The tools you bring along in the car are a matter of individual preference. I always stash my toolbox in the back with the cooler, spare parts and rider rain bags (clothing for when it rains or cools off). I then have a small set of often-used tools that I pin to the back of the front passenger seat (see photo).
Lennard Zinn passed along this question from one of his readers:
Q.I have seen you write that no professional mechanic that you know of breaks a chain to clean it, as it would increase the chance of breakage while riding. When I clean my drivetrain I take both derailleurs, the crank, the cassette and the chain off and dunk them in a Safety-Kleen parts washer, brush them off thoroughly, and finally blow them clean and dry with compressed air. How do the pro mechanics get the drivetrain in general and the chain in particular clean between races if they don’t break the chain? — Brian
Keep in mind that we are washing bikes every day. They can only get so dirty over the course of a long race. So we have less drivetrain grime to remove. My preferred method for drivetrain cleaning requires a dropout-mounted chain roller (like Pedro’s Chain Keeper, though many mechanics make their own), a water bottle, degreaser and a 1.5-inch paint brush.
Cut the paint brush bristles down to get rid of some of the bristle flex. Cut the top off of the water bottle. Pour some degreaser in and put it in the water bottle cage on your seat tube. Take out your rear wheel and install your chain keeper.
Paint degreaser on the chain rings, shifting from one to the other to access each ring without a chain on it. Paint the derailleurs and rotate the cranks to paint the derailleur pulleys. (Remove lube build-up with the back end of the paint brush handle or a screwdriver). Take your time. You want all the nooks and crannies clean.
For the chain, shift to the big chainring and scrub the sides of the chain on both the inside and outside. Then clean the rollers of the chain as it rolls over the chain keeper. Do this top and bottom of the rollers.
Rinse it all with a spray of water, then wrap a soapy drivetrain-only sponge around the chain and pedal through the length of the chain a couple times. Proceed with cleaning the rest of your bike and rinse. Use your compressor to blow everything dry and then begin to carefully lube everything on the bike that requires it.
Practice this a few times and your bike washes will only take 15 minutes and you’ll spend less time re-installing your drivetrain.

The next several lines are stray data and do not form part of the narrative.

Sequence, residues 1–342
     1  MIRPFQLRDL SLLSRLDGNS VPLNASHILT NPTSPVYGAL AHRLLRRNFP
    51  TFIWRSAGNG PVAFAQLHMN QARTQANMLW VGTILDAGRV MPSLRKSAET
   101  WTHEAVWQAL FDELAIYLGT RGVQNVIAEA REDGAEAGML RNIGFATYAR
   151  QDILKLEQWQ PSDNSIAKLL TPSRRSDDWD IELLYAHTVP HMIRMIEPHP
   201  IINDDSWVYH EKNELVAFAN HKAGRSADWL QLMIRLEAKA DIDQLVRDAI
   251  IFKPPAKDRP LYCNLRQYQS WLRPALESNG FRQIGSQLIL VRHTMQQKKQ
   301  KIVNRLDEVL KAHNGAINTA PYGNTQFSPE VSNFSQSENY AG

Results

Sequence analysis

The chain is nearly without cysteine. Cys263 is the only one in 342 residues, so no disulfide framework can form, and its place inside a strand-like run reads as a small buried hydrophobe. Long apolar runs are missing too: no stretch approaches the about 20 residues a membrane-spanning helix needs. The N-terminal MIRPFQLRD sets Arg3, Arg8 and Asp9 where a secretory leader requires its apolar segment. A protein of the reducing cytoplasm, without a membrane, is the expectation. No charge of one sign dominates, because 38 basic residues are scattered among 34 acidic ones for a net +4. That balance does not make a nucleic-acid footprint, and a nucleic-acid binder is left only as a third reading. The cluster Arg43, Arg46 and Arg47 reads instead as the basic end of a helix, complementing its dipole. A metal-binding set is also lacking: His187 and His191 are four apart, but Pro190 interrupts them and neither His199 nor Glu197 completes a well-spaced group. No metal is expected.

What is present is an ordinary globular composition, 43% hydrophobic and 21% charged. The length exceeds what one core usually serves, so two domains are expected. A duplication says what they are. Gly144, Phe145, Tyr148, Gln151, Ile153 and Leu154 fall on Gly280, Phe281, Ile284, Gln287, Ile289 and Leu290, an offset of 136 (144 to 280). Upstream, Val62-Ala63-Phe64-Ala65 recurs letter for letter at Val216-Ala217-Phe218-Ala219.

Q.Nick, I recently bought some new tires and wheels for my Specialized Roubaix. The original wheels were 36 spoke front and back with 700c x 25 tires. The new wheels are 16 spokes front and 20 spokes rear with 700c x 23 tires. The ride on the new wheels is extremely harsh. Is this due to the tires or the wheels? — Ron Boetger
I would say that both the tires and the wheels are contributing to the change in ride quality you’re experiencing. In order to build a wheel with fewer spokes a manufacturer needs to use a stronger, stiffer rim. It may be more aerodynamic and maybe even lighter, but it makes for a harsher ride.
Radial lacing (where the spoke goes directly from the hub to the rim without cross any other spokes tangentially) also transmits more shock to the rider. This lacing is becoming common on front wheels and one side of rear wheels. This also contributes to a harsher ride.
Lastly, your narrower tires have a smaller cross-section. In order to avoid pinch flats you need to inflate them to a higher pressure. This lowers rolling resistance, but isn’t helping your riding comfort.
My recommendation would be to first install your 25 mm tires on your new wheels. Then you can truly compare the two wheelsets and their ride quality. I’m a big fan of larger tires for most of the riding population. They are much more comfortable and I personally like the larger tire for dirt roads and long winding descents.
Tires can entirely change the personality of a set of wheels. So before you’re too disheartened, try wider tires (preferably higher quality with more supple casing too!).